The Secret Diary of Lizzie Bennet - Bernie Su;Rorick Kate;Kate Rorick I have to say, this book started out slow. But it just kept growing on me as it went on. To be sure, it is not completely successful at being a stand-alone book; it is meant to be a companion to the Lizzie Bennet Diaries. But it does give good insight into the series and fits perfectly into the LBD's vision of storytelling across multiple media outlets.

I listened to the audiobook version, which is normally not something I would do. But this book is really at its best in audiobook form, because you get the continuity of Ashley Clement's voice. Admittedly, she is not as good a reader as she is an actor, but it was still quite good.

The Meaning of Marriage: Facing the Complexities of Commitment with the Wisdom of God

The Meaning of Marriage: Facing the Complexities of Commitment with the Wisdom of God - Timothy Keller, Kathy Keller I have over the years read several books on marriage, all them invariably mediocre or bad. This book, however, it quite good. Keller recognizes that marriage an important picture of Christ and the Church and that understanding marriage is not a topic only for married people. As a result, most of his discussion is focused on Christ and the Church. He also has a chapter specifically addressed to single people. He points out that singleness is not God's "plan B" for your life, but people are single because God is incredibly good to them and has chosen the best for them. I highly recommend this book to anyone, single, married, or engaged.

The Red Market: On the Trail of the World's Organ Brokers, Bone Thieves, Blood Farmers, and Child Traffickers

The Red Market: On the Trail of the World's Organ Brokers, Bone Thieves, Blood Farmers, and Child Traffickers - Scott Carney An interesting book, but I think Carney bit off more than he could chew. The topic was so vast, it was almost like he didn't have a topic, just a bunch of briefly covered topics. However, it was informative.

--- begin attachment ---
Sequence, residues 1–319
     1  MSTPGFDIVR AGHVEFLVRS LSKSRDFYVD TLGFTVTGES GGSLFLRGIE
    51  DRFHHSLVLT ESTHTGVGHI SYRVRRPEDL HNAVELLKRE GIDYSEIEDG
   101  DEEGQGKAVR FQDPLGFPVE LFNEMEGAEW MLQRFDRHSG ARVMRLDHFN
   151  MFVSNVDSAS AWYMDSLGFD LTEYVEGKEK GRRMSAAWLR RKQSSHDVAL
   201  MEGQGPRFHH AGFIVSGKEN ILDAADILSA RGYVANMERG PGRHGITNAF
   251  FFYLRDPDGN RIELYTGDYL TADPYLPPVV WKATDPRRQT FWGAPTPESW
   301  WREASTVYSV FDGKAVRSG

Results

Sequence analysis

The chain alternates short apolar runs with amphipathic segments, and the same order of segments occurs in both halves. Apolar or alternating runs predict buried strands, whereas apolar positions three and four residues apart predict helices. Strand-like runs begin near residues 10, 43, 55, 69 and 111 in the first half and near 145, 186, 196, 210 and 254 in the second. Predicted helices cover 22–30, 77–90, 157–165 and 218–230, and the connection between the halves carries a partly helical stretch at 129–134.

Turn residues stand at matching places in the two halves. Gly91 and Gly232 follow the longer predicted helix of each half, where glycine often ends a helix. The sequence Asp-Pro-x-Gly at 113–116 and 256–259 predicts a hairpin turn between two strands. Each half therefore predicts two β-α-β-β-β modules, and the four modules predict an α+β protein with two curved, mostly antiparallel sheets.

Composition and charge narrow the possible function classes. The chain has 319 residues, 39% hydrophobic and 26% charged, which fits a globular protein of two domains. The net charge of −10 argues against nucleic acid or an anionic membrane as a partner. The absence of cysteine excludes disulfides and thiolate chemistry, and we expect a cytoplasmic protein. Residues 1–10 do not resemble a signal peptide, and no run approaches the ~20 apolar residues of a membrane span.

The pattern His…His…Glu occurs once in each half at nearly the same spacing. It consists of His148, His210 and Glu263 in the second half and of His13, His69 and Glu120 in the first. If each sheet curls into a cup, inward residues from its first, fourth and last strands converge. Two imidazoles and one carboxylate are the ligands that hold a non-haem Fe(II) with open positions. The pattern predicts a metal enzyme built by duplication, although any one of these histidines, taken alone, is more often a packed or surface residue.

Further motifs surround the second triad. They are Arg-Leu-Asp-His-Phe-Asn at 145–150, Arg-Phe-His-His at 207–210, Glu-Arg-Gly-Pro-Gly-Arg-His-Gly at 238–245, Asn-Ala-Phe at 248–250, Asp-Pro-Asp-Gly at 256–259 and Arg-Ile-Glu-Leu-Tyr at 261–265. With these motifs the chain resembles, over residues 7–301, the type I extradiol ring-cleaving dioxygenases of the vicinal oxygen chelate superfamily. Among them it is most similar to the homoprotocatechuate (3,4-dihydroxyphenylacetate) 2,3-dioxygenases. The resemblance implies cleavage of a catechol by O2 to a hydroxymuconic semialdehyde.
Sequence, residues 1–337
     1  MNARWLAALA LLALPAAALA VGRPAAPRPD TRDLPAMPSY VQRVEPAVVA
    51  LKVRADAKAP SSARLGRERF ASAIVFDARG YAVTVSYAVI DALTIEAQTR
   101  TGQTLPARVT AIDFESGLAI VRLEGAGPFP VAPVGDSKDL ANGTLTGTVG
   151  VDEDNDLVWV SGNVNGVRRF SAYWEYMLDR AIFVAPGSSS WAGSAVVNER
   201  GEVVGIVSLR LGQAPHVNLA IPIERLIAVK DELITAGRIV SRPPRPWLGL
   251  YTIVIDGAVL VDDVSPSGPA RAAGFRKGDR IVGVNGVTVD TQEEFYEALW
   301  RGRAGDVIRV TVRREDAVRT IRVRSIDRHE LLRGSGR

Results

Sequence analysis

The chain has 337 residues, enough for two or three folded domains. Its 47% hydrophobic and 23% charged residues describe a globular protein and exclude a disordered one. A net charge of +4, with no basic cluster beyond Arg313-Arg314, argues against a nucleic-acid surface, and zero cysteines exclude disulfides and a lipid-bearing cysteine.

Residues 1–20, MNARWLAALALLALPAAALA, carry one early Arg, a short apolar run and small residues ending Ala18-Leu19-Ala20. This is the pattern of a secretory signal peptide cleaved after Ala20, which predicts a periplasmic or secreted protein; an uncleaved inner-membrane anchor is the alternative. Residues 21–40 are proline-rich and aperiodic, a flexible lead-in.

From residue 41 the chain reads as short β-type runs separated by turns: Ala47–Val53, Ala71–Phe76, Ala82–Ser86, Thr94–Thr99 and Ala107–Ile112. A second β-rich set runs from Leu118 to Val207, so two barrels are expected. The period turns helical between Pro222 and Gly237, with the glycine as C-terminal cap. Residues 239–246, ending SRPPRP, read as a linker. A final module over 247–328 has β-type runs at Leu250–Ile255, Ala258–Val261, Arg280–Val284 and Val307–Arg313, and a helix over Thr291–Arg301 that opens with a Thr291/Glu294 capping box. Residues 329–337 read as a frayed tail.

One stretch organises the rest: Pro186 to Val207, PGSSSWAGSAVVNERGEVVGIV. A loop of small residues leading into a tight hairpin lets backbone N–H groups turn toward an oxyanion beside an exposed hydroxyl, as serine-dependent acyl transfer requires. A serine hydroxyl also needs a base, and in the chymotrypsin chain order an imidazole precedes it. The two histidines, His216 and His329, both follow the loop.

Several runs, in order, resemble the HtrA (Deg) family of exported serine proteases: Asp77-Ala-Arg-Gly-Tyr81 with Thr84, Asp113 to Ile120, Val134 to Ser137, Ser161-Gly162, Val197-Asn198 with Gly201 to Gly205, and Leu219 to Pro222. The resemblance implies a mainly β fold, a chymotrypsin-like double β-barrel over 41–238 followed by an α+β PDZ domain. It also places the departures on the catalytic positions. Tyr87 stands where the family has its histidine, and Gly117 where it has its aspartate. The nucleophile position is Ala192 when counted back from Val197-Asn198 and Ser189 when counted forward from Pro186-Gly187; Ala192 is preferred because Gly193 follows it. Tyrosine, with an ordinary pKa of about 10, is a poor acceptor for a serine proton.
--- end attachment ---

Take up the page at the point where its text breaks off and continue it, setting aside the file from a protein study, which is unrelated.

Blood Diamonds: Tracing the Deadly Path of the World's Most Precious Stones

Blood Diamonds: Tracing the Deadly Path of the World's Most Precious Stones - Greg Campbell A fascinating look at how the West's thirst for diamonds funds war in Africa as well as terrorism by groups such as Al Qaeda and Hezbollah. Very informative and well-written.

Pride and Prejudice

Pride and Prejudice - Hugo Petrus, Nancy Butler, Jane Austen Maybe it's the graphic novel format, but I couldn't really get into this one.

Letters to an American Lady

Letters to an American Lady - C.S. Lewis This little book shows a different side of C.S. Lewis – not the great apologist, but the simple everyday piety of a godly man praying for someone he has never. Lewis developed a friendship with this woman over the course of several years. These letters cover every imaginable topic, from pets and weather to the forgiveness of sins; many are simply an attempt to encourage each other as their bodies decay from old age. Very encouraging, very convicting.

We Believe: Recovering the Essentials of the Apostles' Creed

We Believe: Recovering the Essentials of the Apostles' Creed - Michael S. Horton A good walk through of the basics of Christianity using the Apostles' Creed. Sometimes he does use the statement from the Creed as a launching point to talk about a certain issue without dealing much with the actual statement. On the whole, however, he does a good job.

Lady Susan

Lady Susan - Jane Austen, R.W. Chapman This is a very strange book. Unlike other Austen novels, the main character is really quite a terrible person. The ending is appropriate, but comes unconvincingly quickly. In addition, the epistolary form makes it a little difficult to follow. Lady Susan is definitely not as good as Austen's other works, but I suspect Austen knew that. Although she wrote the book earlier in her life, she never attempted to have it published.